A Guide to Different Types of Roofing Nails

You can’t install a stable roof without nails, at least not without severely limiting your style and material choices. Fasteners like roofing nails are essential pieces of the installation process, and knowing which roofing nails you need for your installation project is just as essential as the nails themselves. Failure to use the correct fasteners can result in loose shingles, underlayment that is not watertight, and, if you’re a roofing contractor, very angry clients. Before you shop for a good supply of flooring nails in Atlanta, it’s wise to know exactly what you need for your current and upcoming projects. Here’s your guide to the different types of roofing nails, where they’re useful, and where to find them.


Roofing nails of all kinds are distinct from generic nails in that they must have wide, flat heads, small shanks, and extremely sharp tips. They are designed for easy installation while delicately piercing materials like wooden shingles, and to hold objects in place for many years. There are several categories of roofing nails:


  • Aluminum: These nails are great for metal roofing, but only in regions that do not risk salt exposure. Coastal homes should not have rust-prone aluminum nails.
  • Stainless Steel: These nails are excellent for slate and ceramic roofing tiles, and are less rust-resistant than aluminum.
  • Copper: Copper nails are standard and offer basic benefits for all types of roofing, but you may want to consider nails that are specialized for a specific purpose.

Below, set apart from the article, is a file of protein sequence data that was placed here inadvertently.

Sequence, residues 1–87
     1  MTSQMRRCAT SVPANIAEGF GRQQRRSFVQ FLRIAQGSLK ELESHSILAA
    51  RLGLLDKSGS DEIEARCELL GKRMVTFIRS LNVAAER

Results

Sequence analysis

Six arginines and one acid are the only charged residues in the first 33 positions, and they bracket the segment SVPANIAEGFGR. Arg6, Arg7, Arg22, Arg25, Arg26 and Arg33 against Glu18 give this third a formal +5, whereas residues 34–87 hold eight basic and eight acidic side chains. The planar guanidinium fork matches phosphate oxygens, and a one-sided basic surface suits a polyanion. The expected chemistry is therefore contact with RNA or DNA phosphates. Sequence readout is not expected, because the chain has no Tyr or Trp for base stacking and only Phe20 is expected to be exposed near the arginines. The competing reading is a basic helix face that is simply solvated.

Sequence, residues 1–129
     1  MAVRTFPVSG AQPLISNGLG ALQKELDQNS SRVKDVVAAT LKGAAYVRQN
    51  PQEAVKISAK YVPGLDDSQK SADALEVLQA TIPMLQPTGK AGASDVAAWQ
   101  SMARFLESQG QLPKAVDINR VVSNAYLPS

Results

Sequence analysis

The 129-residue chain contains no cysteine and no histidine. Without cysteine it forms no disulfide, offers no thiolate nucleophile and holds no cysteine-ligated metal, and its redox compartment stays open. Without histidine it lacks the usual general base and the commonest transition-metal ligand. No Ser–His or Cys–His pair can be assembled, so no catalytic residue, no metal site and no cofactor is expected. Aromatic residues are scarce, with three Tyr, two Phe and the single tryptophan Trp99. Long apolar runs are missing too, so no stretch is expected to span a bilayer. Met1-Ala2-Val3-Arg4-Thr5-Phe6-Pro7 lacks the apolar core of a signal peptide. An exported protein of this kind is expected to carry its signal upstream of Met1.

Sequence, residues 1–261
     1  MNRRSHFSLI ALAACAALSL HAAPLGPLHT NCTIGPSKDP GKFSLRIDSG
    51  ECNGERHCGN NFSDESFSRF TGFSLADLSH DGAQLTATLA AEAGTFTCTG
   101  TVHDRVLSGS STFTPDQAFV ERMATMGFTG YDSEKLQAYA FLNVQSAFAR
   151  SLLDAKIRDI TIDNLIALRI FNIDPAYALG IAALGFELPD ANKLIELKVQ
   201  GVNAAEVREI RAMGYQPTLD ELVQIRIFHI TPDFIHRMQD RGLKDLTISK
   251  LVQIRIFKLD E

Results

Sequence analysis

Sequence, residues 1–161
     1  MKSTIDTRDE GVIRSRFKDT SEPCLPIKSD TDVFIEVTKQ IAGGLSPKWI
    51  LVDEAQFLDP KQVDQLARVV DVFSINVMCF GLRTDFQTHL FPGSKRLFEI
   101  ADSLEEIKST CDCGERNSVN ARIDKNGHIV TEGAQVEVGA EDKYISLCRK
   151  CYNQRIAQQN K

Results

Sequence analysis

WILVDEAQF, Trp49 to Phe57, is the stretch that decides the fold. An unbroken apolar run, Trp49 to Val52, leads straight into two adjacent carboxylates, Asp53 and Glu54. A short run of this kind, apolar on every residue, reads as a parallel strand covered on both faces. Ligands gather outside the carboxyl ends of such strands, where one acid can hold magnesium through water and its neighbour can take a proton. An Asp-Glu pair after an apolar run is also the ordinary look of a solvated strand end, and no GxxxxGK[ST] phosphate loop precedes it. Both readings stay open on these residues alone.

• Galvanized Steel: These ultra-rust-resistant nails, coated in zinc, are excellent for coastal buildings, areas with high rainfall, and asphalt roofs.
  • Standard: This length classification refers to 1-2-inch nail shanks. These are generally for ordinary roofing construction, including asphalt and fiberglass roofs.
  • Long: Longer nail shanks are essential for thick wooden shingles, which standard nails may not penetrate. Every builders supply store should carry a variety of nail shank lengths.
  • Screw Shank: These nails have a twisted shanks and rhombus-shaped tips for extra holding power. They are excellent choices for real wooden roofs, which require extra securing strength.
  • Ring Shank: With a wide head, these nails are great for securing shingles in high-wind regions and buildings at high elevations.
  • Smooth Shank: Inexpensive, standard-shank roofing nails, these are basic materials that are useful when roofing staples would also be appropriate. They are suitable for asphalt roofs in areas without severe weather.


Be sure to shop for a variety of roofing nails in Atlanta so you are prepared for different types of roofing projects. You can visit a discount building materials shop to save on a large supply.